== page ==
Joyous and ferocious - The Jesus and Mary Chain at the De La Warr Pavilion

To true believers, pop music has never sounded better than through the distortion-heavy sweet melodies of The Jesus and Mary Chain.
The  Jesus and Mary Chain at the De La Warr PavilionThe  Jesus and Mary Chain at the De La Warr Pavilion
The Jesus and Mary Chain at the De La Warr Pavilion

When the once wild-haired Reid brothers curtailed the band in 1999 amid rapidly worsening sibling relations and an apparently indifferent public, they looked set to become a fuzzy memory of noisier times.

But following a tentative reformation in 2007 and a few years schlepping around the US and Europe for lucrative festival appearances, they appeared to be in better shape in 2015 when they toured their first classic album Psychocandy.

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Now they’re back, not so much with a bang but more of howl, with an album of new material, swooning national radio interest, and a big fat UK tour.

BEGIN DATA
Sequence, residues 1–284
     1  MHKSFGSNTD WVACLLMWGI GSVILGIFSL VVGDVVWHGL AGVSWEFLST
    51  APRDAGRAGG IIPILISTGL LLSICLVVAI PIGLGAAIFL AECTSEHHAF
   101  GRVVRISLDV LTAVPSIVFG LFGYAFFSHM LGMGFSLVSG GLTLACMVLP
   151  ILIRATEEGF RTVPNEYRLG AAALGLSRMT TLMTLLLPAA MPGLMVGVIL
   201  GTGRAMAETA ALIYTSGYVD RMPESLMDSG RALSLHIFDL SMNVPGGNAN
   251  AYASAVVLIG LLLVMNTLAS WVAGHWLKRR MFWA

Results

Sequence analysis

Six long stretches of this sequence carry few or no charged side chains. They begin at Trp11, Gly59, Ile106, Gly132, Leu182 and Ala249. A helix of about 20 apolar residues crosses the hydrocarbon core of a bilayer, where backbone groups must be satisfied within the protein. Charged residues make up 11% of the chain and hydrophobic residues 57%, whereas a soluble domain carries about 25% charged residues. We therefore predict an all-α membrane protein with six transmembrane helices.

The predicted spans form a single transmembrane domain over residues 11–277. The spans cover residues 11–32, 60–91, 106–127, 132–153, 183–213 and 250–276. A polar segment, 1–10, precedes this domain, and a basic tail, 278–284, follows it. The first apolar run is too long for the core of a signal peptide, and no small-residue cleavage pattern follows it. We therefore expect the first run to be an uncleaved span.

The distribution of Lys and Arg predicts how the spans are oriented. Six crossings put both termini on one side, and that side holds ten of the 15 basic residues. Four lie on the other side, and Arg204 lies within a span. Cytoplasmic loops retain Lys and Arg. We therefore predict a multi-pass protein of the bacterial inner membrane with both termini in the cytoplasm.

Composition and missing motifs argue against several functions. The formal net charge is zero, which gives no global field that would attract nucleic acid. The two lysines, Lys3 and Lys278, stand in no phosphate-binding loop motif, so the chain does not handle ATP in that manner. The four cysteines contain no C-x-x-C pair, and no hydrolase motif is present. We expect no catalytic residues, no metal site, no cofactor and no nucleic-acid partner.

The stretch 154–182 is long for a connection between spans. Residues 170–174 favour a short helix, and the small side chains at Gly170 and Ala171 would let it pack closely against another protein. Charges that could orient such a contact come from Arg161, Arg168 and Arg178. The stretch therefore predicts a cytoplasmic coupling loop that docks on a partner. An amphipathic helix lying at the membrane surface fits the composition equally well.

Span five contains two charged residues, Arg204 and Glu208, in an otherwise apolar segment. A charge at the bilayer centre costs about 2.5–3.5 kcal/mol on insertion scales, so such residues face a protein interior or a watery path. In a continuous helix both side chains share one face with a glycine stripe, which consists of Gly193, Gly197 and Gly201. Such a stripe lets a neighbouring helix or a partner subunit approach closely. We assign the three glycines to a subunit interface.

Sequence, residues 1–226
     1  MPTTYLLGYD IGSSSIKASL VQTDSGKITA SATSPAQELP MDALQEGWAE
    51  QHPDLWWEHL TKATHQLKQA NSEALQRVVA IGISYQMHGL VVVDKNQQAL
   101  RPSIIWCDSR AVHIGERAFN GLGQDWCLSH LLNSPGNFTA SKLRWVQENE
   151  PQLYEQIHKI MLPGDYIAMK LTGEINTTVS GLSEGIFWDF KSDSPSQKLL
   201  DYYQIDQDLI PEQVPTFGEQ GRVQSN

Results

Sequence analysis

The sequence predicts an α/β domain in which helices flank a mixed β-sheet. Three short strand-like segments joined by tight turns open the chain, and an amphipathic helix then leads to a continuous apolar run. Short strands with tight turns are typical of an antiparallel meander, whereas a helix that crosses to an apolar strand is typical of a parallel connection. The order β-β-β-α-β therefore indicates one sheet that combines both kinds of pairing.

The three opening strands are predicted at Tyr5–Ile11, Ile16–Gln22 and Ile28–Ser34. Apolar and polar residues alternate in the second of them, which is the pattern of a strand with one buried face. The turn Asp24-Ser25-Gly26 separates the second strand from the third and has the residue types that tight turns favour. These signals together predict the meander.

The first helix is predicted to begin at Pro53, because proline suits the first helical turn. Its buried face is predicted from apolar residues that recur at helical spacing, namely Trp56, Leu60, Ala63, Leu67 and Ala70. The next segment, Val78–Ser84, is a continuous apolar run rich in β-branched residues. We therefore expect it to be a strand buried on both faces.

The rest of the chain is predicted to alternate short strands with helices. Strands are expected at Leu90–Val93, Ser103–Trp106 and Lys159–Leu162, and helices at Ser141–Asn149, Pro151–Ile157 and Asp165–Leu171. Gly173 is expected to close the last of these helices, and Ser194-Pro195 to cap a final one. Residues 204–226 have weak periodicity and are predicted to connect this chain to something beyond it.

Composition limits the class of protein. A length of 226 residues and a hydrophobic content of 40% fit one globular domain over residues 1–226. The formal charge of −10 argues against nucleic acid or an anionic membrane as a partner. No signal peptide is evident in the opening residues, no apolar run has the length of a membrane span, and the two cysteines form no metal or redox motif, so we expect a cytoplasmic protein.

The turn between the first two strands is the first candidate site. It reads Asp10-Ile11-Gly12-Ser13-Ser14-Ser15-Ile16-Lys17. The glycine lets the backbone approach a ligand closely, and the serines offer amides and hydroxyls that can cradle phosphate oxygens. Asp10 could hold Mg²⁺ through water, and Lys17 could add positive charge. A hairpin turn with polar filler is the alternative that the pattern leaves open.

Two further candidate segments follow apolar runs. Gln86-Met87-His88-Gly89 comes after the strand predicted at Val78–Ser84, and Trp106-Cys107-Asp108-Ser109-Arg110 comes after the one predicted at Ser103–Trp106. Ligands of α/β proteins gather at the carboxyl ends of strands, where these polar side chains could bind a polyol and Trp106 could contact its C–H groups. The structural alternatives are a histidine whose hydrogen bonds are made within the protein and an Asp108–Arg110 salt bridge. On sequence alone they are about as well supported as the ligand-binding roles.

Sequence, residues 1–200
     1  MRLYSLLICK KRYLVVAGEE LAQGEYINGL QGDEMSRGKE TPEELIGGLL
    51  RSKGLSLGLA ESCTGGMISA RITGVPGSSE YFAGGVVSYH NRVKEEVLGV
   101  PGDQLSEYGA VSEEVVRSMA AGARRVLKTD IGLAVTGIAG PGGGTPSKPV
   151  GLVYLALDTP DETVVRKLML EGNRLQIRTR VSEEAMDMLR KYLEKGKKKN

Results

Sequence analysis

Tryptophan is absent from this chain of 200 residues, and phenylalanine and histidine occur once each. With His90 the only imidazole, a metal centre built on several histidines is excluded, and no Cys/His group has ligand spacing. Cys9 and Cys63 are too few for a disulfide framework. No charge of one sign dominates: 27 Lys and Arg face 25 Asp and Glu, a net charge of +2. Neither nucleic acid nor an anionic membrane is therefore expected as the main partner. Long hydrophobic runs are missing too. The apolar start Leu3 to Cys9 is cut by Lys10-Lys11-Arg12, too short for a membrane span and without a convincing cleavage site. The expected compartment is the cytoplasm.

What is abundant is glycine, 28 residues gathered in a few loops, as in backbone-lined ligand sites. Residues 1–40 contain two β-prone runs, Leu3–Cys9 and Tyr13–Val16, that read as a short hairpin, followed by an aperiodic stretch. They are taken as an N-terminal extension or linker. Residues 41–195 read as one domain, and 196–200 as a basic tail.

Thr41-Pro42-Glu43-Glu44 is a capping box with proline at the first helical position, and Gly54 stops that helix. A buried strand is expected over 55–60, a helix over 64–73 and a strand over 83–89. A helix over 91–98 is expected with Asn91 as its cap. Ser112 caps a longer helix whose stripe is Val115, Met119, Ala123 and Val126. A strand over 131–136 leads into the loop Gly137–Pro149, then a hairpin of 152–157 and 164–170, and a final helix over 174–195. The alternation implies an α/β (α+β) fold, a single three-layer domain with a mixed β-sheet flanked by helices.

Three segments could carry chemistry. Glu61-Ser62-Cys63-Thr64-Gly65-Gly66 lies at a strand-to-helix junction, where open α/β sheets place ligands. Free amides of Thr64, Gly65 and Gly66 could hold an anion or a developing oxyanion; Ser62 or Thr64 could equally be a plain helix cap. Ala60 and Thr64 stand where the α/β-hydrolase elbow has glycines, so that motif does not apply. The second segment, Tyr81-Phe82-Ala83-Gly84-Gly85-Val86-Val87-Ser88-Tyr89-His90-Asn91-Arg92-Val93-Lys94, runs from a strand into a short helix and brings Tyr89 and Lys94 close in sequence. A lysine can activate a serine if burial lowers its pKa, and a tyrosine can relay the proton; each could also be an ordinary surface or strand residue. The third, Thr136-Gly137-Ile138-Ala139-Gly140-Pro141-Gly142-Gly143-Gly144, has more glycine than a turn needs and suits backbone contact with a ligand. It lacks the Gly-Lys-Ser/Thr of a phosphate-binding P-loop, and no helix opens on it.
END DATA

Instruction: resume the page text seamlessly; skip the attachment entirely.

They took to the DLWP stage like the sound of not-so-distant thunder with their recent single Amputation.

A tough, tight version of April Skies was followed by Head On, whose screaming rampaging riffs made the Pixies cover version of the same song sound like One Direction.

Their infamous feedback-tinged and guitar effects-driven sound is still as wild and exciting as it ever was, which goes to show if you base your style on a mix of the Velvet Underground, the Stooges and the Shangri-Las you’ll never go far wrong.

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The main difference is the previously moody, mumbling frontman Jim, is now charm itself and in great voice.

He sipped from a bottle of water throughout and gently reassured the audience that a barrage of encores were on the way.

Another welcome sight was the number of teens mingling among the sweating, puffing, old duffers in the mini mosh pit. Something that bodes well for the band as a going concern.

A slew of joyous and ferocious early tracks and one newbie brought proceedings to an end, leaving in their wake many dewy-eyed middle-aged men, happy but wondering if their backs would be ok in the morning.

By Steve Holloway